Rotorua's mayor Steve Chadwick says a Tourism NZ campaign centred on cities is, in her view, "not helping the regions".
On Monday, Chadwick said she had raised "the impact on the regions of [the City Breaks] campaign" with Tourism Minister Stuart Nash.
"We need all the help we can get and need a dispersed domestic visitor economy," she said.
However, in her view, the City Breaks campaign was "not helping the regions".
The campaign, which promoted "featured New Zealand's five cities specifically" ran from October 21 to November 15 last year and January 18 to February 28 this year, according to Tourism NZ.
"It remains crucial for Rotorua to continue working in partnership with Tourism NZ ... to ensure we are well-positioned to make the most of opportunities both now and in future."
In response, Tourism NZ said places such as Rotorua were having a "tough time" but its mandate is to grow overall domestic tourism in New Zealand. However, the city featured prominently in a new campaign aimed at families.
Chadwick's comments echo those made in a council committee meeting earlier in the month when Rotorua Economic Development (Destination Rotorua) interim chief executive Andrew Wilson said the best thing Tourism NZ could do was "probably stop marketing".
He later told Local Democracy Reporting the comments, made at a Rotorua Lakes Council Operations and Monitoring Committee meeting on March 4, were "tongue in cheek".
Wilson had been responding to a question from Chadwick at the meeting about what he thought of Tourism New Zealand's City Breaks campaign.
"To be perfectly blunt, the best thing they could do is probably stop marketing," Wilson said.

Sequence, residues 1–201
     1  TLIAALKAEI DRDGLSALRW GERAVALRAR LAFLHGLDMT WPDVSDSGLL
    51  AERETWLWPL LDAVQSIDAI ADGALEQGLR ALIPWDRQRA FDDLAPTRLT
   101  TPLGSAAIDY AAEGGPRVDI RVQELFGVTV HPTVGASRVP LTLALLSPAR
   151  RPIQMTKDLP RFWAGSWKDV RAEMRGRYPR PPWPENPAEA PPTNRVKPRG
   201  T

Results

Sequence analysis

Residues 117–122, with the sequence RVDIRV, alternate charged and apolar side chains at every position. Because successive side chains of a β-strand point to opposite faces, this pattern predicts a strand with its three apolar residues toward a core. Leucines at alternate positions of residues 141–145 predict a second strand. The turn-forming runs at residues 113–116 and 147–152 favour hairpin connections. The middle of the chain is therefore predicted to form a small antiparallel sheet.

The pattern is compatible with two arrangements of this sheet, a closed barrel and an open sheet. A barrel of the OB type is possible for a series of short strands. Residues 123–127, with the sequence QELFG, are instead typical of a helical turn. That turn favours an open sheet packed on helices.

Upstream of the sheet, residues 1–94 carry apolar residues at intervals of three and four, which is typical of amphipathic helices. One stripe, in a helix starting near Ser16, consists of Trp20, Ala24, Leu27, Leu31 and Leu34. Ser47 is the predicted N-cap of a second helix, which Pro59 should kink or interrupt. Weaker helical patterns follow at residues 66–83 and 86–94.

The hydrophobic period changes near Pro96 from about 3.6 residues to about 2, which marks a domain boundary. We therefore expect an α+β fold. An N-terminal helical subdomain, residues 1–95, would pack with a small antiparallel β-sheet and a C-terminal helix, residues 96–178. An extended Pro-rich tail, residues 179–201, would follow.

"It hasn't necessarily done us any favours."
He did not believe it had increased domestic visitation "at all".
"[Tourism NZ] would give you a contra view but that's certainly where we sit."
Rotorua Economic Development was also trialling an i-Site central call centre to investigate whether it could generate revenue, Wilson said.
"Potentially, Tourism New Zealand hasn't recognised the asset they've got [with] the i-Site network and I don't know if they've necessarily done as good a job as they could have pushing people towards that, through that channel," he said in the meeting.
Wilson also said funding from the Ministry of Business, Innovation and Employment (MBIE) Strategic Tourism Assets Protection Programme (STAPP) had been useful in some ways, such as for the creation of the as-yet-unreleased Rotorua destination management plan.
"On the flip side, it has delivered a lot of funding to a lot of other regional tourism organisations around the country who are now all frantically advertising for domestic visitors.
"It has made it a pretty cluttered marketplace."
Wilson, and Destination Rotorua chairman John McRae, were at the meeting to present a quarterly update on the council-controlled organisation.
However, speaking to Local Democracy Reporting on Monday this week, Wilson said his comments were "definitely, sort of, tongue-in-cheek".
"[Tourism NZ] have got to go and tell people to go some places, I guess the tongue-in-cheek-ness was that we're not part of that campaign so that was the kind of throw-away answer I gave there."
He said Tourism NZ had been "really really helpful" in trying to extend New Zealanders' "propensity to go and travel and try new things".
"The challenge for us as a traditional tourism destination is to make sure we're still reflecting those new things that people may have not tried when they've been here in the past," he said.
"There's a bunch of new campaigns coming up over the next while which will have Rotorua and the types of assets we've got more front and centre. They're continuing to do different things with their marketing which is good, and good for us.
"We're really reliant on the work Tourism NZ does. Looking ahead to next year and hopefully borders reopening, we really want to be working really closely with them."